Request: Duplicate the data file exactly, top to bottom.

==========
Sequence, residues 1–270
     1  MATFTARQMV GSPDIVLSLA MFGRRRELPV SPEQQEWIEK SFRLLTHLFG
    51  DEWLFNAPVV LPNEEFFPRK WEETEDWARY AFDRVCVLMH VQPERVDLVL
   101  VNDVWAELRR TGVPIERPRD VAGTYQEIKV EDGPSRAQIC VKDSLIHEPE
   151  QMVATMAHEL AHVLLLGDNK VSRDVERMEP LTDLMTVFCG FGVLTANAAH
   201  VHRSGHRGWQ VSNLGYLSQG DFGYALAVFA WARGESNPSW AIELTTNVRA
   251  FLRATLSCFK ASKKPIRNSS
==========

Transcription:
Sequence, residues 1–270
     1  MATFTARQMV GSPDIVLSLA MFGRRRELPV SPEQQEWIEK SFRLLTHLFG
    51  DEWLFNAPVV LPNEEFFPRK WEETEDWARY AFDRVCVLMH VQPERVDLVL
   101  VNDVWAELRR TGVPIERPRD VAGTYQEIKV EDGPSRAQIC VKDSLIHEPE
   151  QMVATMAHEL AHVLLLGDNK VSRDVERMEP LTDLMTVFCG FGVLTANAAH
   201  VHRSGHRGWQ VSNLGYLSQG DFGYALAVFA WARGESNPSW AIELTTNVRA
   251  FLRATLSCFK ASKKPIRNSS